Usually calculator, the liberal leader had, at the key moment, shown to be emotional, not to mention that his statement opened the door to the idea of rupture.

In the pool

Earlier in the day, Robert Bourassa went to do laps daily in a pool near the national Assembly when his chief of staff, John Parisella, the stops.

He said that among his advisers, there is a “consensus” that he had to “declare” the distinct society “, a concept key to Meech.

Bourassa approves and admits to having already an idea of what he will say. “It is next to the swimming pool as it was written,” says John Parisella.

An hour before you go to the blue Room and deliver his speech, he reads the sentence to his adviser, Jean-Claude Rivest : “I found it very good, no more. I had not seen that she would have this echo-there ! ” he remembers.

Un échec fondateur pour la suite

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Jean-Claude Rivest
Former adviser to Robert Bourassa

However, the speech is televised. As strange as it may sound to our time, since weeks, the constitutional negotiations were the headlines.

It was at the peak of a crescendo, the denouement of a plot, national.

The words of Bourassa resonate across Quebec and in the rest of Canada.

The blue Room, the leader of the opposition, Jacques Parizeau, did not return.

Pointing to his vis-à-vis with the words ” my prime minister “, he told the assembly : “we need to be able to find another way since the one he had chosen turns out to be a cul-de-sac “.

Then he goes to the other side of the Room and shakes hands with Robert Bourassa. The separatists exult. Have the impression that the leader of the liberal Party just changed camp.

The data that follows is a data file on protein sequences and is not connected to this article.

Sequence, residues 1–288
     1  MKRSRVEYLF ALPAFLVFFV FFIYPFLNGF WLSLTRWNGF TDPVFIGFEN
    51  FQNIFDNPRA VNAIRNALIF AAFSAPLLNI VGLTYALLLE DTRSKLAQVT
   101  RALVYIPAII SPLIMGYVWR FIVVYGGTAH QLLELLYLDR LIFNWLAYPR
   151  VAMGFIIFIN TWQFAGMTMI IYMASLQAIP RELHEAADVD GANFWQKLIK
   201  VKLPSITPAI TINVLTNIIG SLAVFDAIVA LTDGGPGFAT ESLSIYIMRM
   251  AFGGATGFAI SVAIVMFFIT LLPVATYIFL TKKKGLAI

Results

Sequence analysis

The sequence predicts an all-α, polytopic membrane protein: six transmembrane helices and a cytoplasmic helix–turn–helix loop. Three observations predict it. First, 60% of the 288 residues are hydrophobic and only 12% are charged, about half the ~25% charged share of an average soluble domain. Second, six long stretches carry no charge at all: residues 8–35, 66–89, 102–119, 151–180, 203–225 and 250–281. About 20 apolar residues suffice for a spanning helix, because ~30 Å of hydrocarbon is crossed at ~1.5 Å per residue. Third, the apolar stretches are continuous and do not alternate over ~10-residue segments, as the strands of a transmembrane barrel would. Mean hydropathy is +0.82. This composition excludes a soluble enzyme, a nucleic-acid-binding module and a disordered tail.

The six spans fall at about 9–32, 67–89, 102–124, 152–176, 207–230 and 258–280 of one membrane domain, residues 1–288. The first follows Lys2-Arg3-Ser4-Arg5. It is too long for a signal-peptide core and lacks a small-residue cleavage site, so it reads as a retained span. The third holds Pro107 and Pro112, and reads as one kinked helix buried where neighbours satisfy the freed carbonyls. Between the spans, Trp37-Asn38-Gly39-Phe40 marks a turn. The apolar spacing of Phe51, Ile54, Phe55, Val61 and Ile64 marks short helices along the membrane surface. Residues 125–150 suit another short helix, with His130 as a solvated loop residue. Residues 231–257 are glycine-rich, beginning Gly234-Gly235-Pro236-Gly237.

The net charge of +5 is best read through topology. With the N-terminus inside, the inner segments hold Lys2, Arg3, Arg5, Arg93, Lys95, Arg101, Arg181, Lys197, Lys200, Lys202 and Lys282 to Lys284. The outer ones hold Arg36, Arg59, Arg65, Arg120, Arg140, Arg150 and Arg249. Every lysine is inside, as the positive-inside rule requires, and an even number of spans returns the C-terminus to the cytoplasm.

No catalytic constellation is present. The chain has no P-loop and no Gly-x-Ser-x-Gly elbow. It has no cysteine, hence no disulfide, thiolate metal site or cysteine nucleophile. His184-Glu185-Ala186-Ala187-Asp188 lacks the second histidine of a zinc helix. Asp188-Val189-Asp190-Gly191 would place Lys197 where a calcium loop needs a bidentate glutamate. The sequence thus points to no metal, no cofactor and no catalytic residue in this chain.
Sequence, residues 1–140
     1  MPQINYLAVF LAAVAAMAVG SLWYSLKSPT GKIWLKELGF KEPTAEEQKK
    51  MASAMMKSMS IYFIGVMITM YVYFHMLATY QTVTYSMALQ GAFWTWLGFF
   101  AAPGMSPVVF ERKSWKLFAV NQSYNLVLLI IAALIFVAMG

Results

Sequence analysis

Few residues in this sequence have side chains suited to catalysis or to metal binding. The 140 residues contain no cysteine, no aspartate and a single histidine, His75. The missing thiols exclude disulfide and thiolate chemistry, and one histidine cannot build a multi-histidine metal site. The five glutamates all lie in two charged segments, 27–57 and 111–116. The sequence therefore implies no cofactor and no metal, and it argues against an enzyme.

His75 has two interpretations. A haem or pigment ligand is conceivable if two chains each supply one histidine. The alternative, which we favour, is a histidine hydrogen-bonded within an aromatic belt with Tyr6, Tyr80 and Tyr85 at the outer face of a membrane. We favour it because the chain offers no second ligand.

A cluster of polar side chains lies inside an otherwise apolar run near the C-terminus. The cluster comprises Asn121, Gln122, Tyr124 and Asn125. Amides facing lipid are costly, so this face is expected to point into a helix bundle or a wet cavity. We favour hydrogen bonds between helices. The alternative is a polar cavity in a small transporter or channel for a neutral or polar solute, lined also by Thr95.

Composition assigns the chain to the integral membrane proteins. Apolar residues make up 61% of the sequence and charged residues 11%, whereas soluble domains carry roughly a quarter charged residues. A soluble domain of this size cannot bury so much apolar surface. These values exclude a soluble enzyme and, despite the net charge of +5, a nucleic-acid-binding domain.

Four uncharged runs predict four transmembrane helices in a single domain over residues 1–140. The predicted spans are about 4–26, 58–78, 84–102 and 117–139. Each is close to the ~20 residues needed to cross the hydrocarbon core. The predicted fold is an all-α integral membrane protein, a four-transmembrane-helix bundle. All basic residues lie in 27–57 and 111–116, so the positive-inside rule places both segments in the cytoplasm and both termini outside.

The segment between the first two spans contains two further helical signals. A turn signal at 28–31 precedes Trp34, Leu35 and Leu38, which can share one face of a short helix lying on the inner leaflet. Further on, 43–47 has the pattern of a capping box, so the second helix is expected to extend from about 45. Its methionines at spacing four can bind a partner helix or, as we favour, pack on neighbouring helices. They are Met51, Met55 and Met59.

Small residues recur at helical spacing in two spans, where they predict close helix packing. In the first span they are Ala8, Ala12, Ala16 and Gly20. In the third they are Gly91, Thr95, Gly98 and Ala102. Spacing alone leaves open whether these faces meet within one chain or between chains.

We are the 22 of June at night. The next day, it is the eve of national day in Quebec.

In the last few months, the return of national feeling had pushed the organizers of the “Saint-Jean” to want to reconnect with old traditions : that of the great performances of patriotic and parade.

In Montreal, there has been no parade since the one of June 24, 1968, the eve of a federal election in which Pierre Elliott Trudeau had mocked the crowd, and where a violent riot had broken out.

In 1990, first show was held at Quebec on the plains of Abraham, the evening of the 23rd. The next day in Montreal, the rain force the postponement of the celebrations, but shows spontaneous organize.

The 25, it makes a perfect weather and a crowd estimated at between 250 000 and 500 000 walkers, takes to the streets of Montreal and wears t-shirts with the effigy of the YES of 1980.

Jacques Parizeau and Lucien Bouchard leading the way under a large banner, ” Our real country is Quebec “.

According to some, Robert Bourassa, who, of the building of Hydro-Québec, Sherbrooke street (where it had its offices), looking at the sea blue flags, was tempted to go join them.

But he finally gave up. “Robert had a brain,” insisted Rivest, who certifies as ever, in spite of appearances, his boss has not really been attempted to start the process towards sovereignty.